Stroke Exhibit Finds New Home at HealthInfo Island

Walk-through middle cerebral artery at HealthInfo Island

Walk-through middle cerebral artery at HealthInfo Island

Our stroke awareness exhibit, with its displays, quizzes, and free gifts, is now up and running at HealthInfo Island.

…the island is home to a consumer health library and a medical library, as well as virtual outposts or displays run by the National Library of Medicine’s Special Information Services, contractors for the National Institutes of Health (NIH), and the Accessibility Center.

Carolina Keats, who runs the island, had seen the exhibit when it was up at the OT Center on Eduisland II and asked if we would consider placing it there after the exhibit period was over. We’re delighted to have the opportunity to be part of the wonderful resources and collaboration that make HealthInfo Island a unique Second Life(R) venue.

Generous Donation to Expand Adapting Environments Exhibit

The IM came in out of the blue, from Kathee Gibbs, whom I’d never met. She and partners Lucinda Bergbahn and Pecos Kid were finalists in the Second Life and the Public Good: A Community Challenge from USC. Kathee IM’d because she wanted to talk to me about donating the award Lindens to our Center. When we had a chance to talk yesterday, I found out that we shared the same idea for a program development project in Second Life: educate people about adaptations that can be put in place at home, to improve daily life. Specifically, Kathee’s proposal was to “provide a tool that persons with mobility impairment can easily and cost effectively access to explore ways in which they can improve accessibility in their homes and thus the quality of their daily lives. ” We met at the OT Center to talk, and Kathie shared her ideas about how the adaptation exhibit at the Center might be further developed to incorporate more interactivity and consumer choice.

Kathie and Zsu discuss ideas for expansion of the adapted home

Kathie and Zsu discuss ideas for expansion of the adapted home

Today, Kathie told me she discussed the donation with partners Lucinda Bergbahn and Pecos Kid, who gave the green light to provide funding to our Center! I’m amazed at their generosity and so pleased to know that their gift will enable us to expand our work and, we hope, benefit persons with and without disabilities and raise awareness of the possibilities that can be achieved through home adaptation.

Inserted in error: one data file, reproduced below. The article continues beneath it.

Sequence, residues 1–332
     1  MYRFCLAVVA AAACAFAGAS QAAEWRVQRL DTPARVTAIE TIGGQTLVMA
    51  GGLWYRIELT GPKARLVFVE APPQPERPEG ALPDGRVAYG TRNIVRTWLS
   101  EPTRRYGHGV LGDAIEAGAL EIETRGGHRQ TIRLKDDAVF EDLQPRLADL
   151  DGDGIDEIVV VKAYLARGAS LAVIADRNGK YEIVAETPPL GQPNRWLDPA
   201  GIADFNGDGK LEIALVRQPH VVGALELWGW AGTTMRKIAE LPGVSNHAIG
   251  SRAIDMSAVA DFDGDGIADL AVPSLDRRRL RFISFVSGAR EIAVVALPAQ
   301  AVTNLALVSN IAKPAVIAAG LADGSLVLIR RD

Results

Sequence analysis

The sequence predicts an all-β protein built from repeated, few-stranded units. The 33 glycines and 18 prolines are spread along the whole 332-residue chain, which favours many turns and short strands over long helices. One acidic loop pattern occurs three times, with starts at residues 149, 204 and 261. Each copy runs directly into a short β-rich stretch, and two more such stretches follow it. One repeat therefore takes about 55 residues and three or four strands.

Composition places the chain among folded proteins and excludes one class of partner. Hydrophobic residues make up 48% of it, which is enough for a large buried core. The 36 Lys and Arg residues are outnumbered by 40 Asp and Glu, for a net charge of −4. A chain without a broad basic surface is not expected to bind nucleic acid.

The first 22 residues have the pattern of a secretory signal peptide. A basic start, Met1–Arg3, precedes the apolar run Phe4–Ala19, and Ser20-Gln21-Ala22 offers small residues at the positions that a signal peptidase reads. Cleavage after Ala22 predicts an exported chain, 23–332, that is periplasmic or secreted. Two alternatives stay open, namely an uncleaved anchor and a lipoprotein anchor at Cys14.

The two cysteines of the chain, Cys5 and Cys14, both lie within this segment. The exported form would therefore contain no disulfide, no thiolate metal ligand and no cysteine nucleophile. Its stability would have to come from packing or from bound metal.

Mixed Reality Dinch (Dinner-Lunch) Philadelphia-London-Somewhere in Iowa

Part of the fun of SecondLife(R) is experimentation, whether it’s in-world or doing SL-related work in first life. Well…we experimented in both worlds (mixed reality) with a Dinch (Dinner-Lunch) shared by Gia Rossini and Dizzy Banjo (London), Penelope Drucker (somewhere in Iowa), and  Plato Pizzicato and me (Philadelphia).  Check out the YouTube vid:

Things weren’t perfect–it was hard to hear, and we couldn’t get much of a sense of what was going on in London (just that it was very noisy). And, apparently the bartender where Gia was did not have the same fascination with what we were doing as the Bonte employee. Next time, we’d like to try multiple video streams, so each can see each other’s first life setting.

It’s all about immersion..

Adaptation stations inside the exhibit at the occupational therapy center at Jefferson

Adaptation stations inside the home modifications exhibit at the occupational therapy center at Jefferson

Ideas about immersive education have gained considerable momentum recently. The new educational grid from Sun Microsystems, Project Wonderland, has stimulated even more discussion than previously. The gist of immersive education (as well as other aspects of Second Life such as identity) is summarized well in a podcast from Cynthia Calongne. I had the pleasure of meeting Cynthia (Lyr Lobo) at the Sledupotential workshop at NECC, where she led the group in a building project. Hearing the podcast, I can easily understand Lyr’s interest and expertise in building as a tool for learning, as well as a learning activity in itself. In the podcast, she discusses how abstract science concepts come alive for her computer science students.
I found similarities in the themes about immersive education from Lyr’s podcast and a number of publications including Seng and Edirisinghe’s article about teaching computer science in SL and Dickey’s frequently cited Teaching in 3D: Pedagogical Affordances and Constraints of 3D Virtual Worlds for Synchronous Distance Learning that directly apply to the OT Center’s most recent exhibit on Adapting Environments for Daily Life. As one visitor put it:

This is great information! I didn’t realize this would apply to us … a house with seniors in it.

She had read about the hazards of things like throw rugs and heard about adaptations, but it was not until she experienced the exhibit that the message really came through.

Slipping and falling on a throw rug

Slipping and falling on a throw rug

So, we’ll keep racking our collective brains to come up with more ideas on how to engage visitors and provide educational messages they’ll remember. Stay tuned…